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Madhubani art is traditional folk art from Bihar in eastern India. Women mainly painted Madhubani art as men were busy working in the fields. With an extraordinary history in its art, women in the villages around Madhubani have been practicing their folk art for centuries.

The women painters lived in a closed society and were unwilling to paint openly. Eventually due to a drought (1966-68) that resulted in severe economic crisis, they began to commercialise their art.

Initially all vegetable dyes were used for the paintings but many artists now use acrylic colours. The main colours used are yellow (from turmeric), magenta or pink or orange (from flowers such as shoe flower), blue (from vegetable dye), and green (from leaves).

Proportionate figures are not considered as important as details and intricacy. The face is in profile while the rest of the body faces the front. The face has one very large eye with a bumpy sort of nose coming out of the forehead. The figure outlines are drawn as a double line with diagonal hatching between them.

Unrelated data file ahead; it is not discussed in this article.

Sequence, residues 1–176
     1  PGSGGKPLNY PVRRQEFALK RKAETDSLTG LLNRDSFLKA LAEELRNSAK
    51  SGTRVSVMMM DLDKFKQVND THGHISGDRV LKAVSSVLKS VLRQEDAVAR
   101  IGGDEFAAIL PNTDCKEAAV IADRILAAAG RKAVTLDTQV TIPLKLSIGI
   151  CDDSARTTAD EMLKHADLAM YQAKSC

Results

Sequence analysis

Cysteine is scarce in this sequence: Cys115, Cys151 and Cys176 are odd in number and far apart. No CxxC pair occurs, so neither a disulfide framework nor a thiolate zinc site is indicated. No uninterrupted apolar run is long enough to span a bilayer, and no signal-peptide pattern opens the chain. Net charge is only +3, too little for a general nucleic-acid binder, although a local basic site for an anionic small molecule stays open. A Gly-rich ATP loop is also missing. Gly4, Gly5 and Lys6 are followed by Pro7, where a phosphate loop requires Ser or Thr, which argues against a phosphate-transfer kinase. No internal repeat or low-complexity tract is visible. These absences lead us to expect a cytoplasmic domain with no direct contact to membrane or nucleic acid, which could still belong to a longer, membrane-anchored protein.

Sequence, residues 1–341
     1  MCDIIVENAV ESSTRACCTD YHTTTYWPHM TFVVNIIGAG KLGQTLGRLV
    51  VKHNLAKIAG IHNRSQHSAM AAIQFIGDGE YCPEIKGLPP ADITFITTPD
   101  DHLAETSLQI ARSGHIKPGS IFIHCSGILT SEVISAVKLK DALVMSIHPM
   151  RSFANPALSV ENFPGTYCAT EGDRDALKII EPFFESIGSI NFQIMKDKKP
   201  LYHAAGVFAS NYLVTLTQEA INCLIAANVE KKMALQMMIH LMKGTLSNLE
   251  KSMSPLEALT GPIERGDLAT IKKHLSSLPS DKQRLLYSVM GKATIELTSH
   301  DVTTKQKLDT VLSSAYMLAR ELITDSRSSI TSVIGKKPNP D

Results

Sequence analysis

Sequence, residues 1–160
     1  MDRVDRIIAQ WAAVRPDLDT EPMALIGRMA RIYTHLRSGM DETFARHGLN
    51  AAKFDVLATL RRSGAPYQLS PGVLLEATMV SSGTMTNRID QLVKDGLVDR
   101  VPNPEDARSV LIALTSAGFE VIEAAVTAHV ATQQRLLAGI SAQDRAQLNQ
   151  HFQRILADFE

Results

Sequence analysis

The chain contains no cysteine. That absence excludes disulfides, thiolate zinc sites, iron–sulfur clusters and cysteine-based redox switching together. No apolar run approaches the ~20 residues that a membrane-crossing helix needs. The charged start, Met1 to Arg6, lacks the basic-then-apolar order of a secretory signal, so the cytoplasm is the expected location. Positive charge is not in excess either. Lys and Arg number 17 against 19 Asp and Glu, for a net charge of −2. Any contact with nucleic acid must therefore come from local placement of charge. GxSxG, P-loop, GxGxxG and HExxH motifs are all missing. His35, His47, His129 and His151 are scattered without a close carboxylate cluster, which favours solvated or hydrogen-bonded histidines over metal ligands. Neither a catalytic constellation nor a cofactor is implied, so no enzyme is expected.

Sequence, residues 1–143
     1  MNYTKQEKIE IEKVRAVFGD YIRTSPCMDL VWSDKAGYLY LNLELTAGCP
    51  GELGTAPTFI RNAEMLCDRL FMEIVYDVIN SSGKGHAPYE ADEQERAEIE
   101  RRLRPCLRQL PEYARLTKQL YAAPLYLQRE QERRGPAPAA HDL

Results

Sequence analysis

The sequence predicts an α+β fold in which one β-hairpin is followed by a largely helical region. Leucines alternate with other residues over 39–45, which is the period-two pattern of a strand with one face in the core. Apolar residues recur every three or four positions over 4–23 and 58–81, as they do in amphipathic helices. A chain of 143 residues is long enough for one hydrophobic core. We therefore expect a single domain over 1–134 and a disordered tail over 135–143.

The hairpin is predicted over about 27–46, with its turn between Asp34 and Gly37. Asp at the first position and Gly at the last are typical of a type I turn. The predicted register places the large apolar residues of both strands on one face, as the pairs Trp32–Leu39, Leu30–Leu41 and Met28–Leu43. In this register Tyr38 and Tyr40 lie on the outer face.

The borders are highly decorated – either geometrically or with ornate floral patterns. Clothing also is highly decorated with geometrical, floral or even animal patterns. The drawings of animals are easily recognised, but again tend to be very stylized.

The subject matter is mainly from the epics of Ramayana & Mahabharata, life of gods and goddesses with nature as the background.

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